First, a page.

South Korean President Moon Jae-in said the first talks with the North in two years were a good start. He said the next step was to get the North to talk nuclear disarmament.
South Korean President Moon Jae-in said Wednesday that he would be willing to meet with the North's leader Kim Jong Un, a day after delegations from the two sides met for the first time in two years.
"I'm open to any form of meeting, including a summit under right conditions," Moon told a press conference. "Having said that, the purpose of it shouldn't be talks for the sake of talks."
North Korea agreed on Tuesday to send a delegation to the Winter Olympics in the South next month after the two sides met at Panmunjom in the Demilitarized Zone (DMZ).
Multiple North Korean nuclear and ballistic missile tests had ratcheted up tensions in the region, with the United States not ruling out military action and the international community imposing further sanctions on Pyongyang.
"It is only the beginning," Moon said of Tuesday's talks. "Yesterday was the first step and I think we had a good start."
"Bringing North Korea to talks for denuclearization is the next step we must take," he said.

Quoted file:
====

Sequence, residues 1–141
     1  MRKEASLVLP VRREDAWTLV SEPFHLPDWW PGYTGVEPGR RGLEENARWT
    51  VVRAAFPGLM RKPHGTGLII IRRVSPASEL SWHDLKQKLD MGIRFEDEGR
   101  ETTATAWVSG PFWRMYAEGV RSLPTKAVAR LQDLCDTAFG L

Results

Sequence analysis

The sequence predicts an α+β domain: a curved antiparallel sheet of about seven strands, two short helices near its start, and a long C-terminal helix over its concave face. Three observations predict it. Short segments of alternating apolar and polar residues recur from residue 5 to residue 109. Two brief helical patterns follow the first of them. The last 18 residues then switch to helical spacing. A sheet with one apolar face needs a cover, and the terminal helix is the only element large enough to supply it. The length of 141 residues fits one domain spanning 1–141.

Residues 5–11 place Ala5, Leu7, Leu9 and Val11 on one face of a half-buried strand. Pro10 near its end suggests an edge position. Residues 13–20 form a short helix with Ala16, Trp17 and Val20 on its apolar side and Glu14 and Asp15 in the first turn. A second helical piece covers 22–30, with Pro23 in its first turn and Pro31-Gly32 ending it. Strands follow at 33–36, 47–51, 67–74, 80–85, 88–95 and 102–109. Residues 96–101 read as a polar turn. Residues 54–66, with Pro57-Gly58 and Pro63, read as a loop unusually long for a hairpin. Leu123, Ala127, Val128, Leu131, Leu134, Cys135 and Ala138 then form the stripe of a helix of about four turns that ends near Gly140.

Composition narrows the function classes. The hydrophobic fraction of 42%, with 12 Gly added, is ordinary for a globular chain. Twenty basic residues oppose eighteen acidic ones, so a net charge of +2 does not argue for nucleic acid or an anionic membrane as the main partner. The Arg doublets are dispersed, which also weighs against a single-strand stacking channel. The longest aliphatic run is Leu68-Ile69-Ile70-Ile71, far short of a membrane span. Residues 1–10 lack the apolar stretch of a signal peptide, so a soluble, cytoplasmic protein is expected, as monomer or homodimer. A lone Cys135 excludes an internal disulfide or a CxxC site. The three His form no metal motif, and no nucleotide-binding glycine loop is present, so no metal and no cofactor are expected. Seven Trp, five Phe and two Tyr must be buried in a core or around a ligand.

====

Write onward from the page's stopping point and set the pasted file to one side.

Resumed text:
The two Koreas on Tuesday also agreed to conduct military talks in a bid to reduce tensions and reopen a military hotline that was cut in 2016 amid a spike in tensions.
Read more: North Korea: From war to nuclear weapons
Moon thanks Trump
Moon has long claimed to support engagement with North Korea, but Pyongyang's nuclear and missile tests forced Seoul to lean on Washington to muster international pressure on the North.
Some in Washington have expressed concern that Kim is trying to drive a wedge between the United States and South Korea. But Moon said, "We have no difference in opinion with the US."
The South Korean leader also thanked US President Donald Trump for paving the way for the talks.
"I think President Trump deserves big credit for bringing about the inter-Korean talks," Moon said. "It could be a resulting work of the US-led sanctions and pressure."
Trump himself has taken credit for the North-South talks, even as in the past he has commented that he believed diplomacy would be fruitless.
"If I weren't involved, they wouldn't be talking about the Olympics right now, they'd be doing no talking," Trump said over the weekend.
Moon said that the aim of sanctions was to bring North Korea to the negotiating table, but that "stronger sanctions and pressures could further heighten tensions and lead to accidental armed conflicts."
"But thankfully, North Korea came to dialogue before tensions were heightened further," he said.
cw/msh (AFP, AP, dpa, Reuters)